Re: integration for CDF[NoncentralChiSquareDistribution]

• To: mathgroup at smc.vnet.net
• Subject: [mg74831] Re: [mg74806] integration for CDF[NoncentralChiSquareDistribution]
• From: Darren Glosemeyer <darreng at wolfram.com>
• Date: Sat, 7 Apr 2007 04:02:44 -0400 (EDT)
• References: <200704060817.EAA09037@smc.vnet.net>

```Albert Maydeu-Olivares wrote:
> Hi,
>
> The built-in function appears to work well for small number of degrees of freedom. For large df, integration converges too slowly and often fails. For instance
>
> 1 - CDF[NoncentralChiSquareDistribution[57, 5], 1]
>
> yields 1.04, when as a probability it should be < 1. Does anybody have a function that works better than the built-in? Also, has anybody implemented a normal approximation? I had planned to work with 300+ df.
>
> Albert
>

Hi Albert,
This is an issue that has been addressed in the version of Mathematica
currently under development. CDF relies on numeric integration of the
pdf for NoncentralChiSquareDistribution (note that in the version under
development at least one of the numeric values will need to be inexact
to make CDF use numeric methods). In effect, the source of the problem
was numeric instability introduced by some auto-expansion of the pdf.

The solution is to only evaluate the pdf for numeric values, thus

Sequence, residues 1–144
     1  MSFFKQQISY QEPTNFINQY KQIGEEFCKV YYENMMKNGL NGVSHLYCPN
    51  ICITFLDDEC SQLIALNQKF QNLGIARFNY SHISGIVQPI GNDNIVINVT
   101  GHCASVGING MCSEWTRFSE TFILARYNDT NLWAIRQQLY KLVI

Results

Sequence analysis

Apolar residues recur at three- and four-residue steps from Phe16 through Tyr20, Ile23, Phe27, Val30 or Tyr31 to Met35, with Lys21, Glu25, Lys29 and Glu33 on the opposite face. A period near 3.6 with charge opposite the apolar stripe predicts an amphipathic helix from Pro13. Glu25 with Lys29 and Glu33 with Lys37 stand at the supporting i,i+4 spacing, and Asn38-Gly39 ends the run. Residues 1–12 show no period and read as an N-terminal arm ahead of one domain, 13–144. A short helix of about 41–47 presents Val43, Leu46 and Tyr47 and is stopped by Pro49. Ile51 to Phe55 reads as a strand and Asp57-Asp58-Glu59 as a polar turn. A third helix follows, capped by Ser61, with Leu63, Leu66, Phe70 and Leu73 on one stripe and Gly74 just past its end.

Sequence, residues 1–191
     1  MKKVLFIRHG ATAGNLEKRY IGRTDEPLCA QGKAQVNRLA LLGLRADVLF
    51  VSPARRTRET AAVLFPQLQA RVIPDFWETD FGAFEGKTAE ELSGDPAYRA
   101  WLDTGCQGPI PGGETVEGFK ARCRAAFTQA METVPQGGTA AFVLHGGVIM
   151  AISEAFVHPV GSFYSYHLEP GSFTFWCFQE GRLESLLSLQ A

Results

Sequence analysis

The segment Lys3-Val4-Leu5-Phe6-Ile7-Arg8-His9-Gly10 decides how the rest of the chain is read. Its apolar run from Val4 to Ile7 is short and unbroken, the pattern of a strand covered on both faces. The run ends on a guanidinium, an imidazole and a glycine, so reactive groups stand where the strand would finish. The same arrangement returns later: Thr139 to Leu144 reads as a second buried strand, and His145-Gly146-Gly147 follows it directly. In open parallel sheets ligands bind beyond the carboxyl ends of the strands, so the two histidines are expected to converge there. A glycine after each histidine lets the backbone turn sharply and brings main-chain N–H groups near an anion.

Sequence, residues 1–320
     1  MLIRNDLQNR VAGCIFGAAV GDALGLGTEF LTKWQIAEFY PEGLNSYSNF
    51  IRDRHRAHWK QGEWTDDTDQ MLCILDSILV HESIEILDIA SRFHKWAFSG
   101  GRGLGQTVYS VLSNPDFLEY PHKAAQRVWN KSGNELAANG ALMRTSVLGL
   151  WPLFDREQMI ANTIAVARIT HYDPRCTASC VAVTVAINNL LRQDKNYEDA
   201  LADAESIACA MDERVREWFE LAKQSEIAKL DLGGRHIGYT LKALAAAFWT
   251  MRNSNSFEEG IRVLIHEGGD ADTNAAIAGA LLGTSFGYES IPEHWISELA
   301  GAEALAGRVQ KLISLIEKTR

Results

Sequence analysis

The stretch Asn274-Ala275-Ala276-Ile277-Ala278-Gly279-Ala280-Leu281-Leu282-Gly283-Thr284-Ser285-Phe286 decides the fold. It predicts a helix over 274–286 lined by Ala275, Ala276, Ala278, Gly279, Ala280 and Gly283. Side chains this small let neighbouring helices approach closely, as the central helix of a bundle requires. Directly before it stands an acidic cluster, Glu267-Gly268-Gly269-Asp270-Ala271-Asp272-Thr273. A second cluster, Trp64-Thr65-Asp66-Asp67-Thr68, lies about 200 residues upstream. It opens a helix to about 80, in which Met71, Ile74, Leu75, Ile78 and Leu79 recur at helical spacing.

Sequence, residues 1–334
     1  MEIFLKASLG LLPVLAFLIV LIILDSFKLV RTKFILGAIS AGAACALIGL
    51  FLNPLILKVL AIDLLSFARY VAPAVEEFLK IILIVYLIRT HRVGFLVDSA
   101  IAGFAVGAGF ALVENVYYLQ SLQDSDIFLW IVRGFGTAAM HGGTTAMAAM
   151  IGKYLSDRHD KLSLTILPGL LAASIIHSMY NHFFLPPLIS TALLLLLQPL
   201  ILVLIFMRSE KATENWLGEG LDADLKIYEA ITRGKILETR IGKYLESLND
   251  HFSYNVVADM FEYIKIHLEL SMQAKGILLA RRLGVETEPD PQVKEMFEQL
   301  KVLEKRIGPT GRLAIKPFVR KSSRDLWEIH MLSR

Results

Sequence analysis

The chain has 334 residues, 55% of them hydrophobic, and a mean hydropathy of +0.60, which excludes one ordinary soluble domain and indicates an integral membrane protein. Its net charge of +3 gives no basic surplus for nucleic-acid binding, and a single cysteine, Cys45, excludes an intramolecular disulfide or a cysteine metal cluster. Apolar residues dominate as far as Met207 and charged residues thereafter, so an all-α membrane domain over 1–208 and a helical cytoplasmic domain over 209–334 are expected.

avoiding the symbolic expansion. In version 5.2, the results can be
obtained as follows.

In[1]:= << Statistics`

In[2]:= pdffun[nn_?NumericQ, ll_?NumericQ,t_?NumericQ] :=
(E^(-ll/2 - t/2)* (t/ll)^((-2 + nn)/4)*BesselI[(-2 + nn)/2,
Sqrt[ll*t]])/2;

This gives the CDF at 1.

In[3]:= NIntegrate[pdffun[57, 5, x], {x, 0, 1}]

-41
Out[3]= 8.5132 10

Note that with a machine precision result this value is too small to be
noticed in the subtraction from 1.

In[4]:= 1-%

Out[4]= 1.

Switching to a higher precision computation, the difference from 1 can
be seen.

In[5]:= NIntegrate[pdffun[57, 5, x], {x, 0, 1},WorkingPrecision->20]

-41
Out[5]= 8.513197603 10

In[6]:= 1-%

Out[6]= 0.99999999999999999999999999999999999999991486802397

This will also allow for computation for large numbers of degrees of
freedom. However, if you are interested in a normal approximation,
Johnson, Kotz and Balakrishnan give several normal approximations in
Continuous Univariate Distributions, Volume 2, and you could use one of
those which is appropriate for the degrees of freedom and noncentrality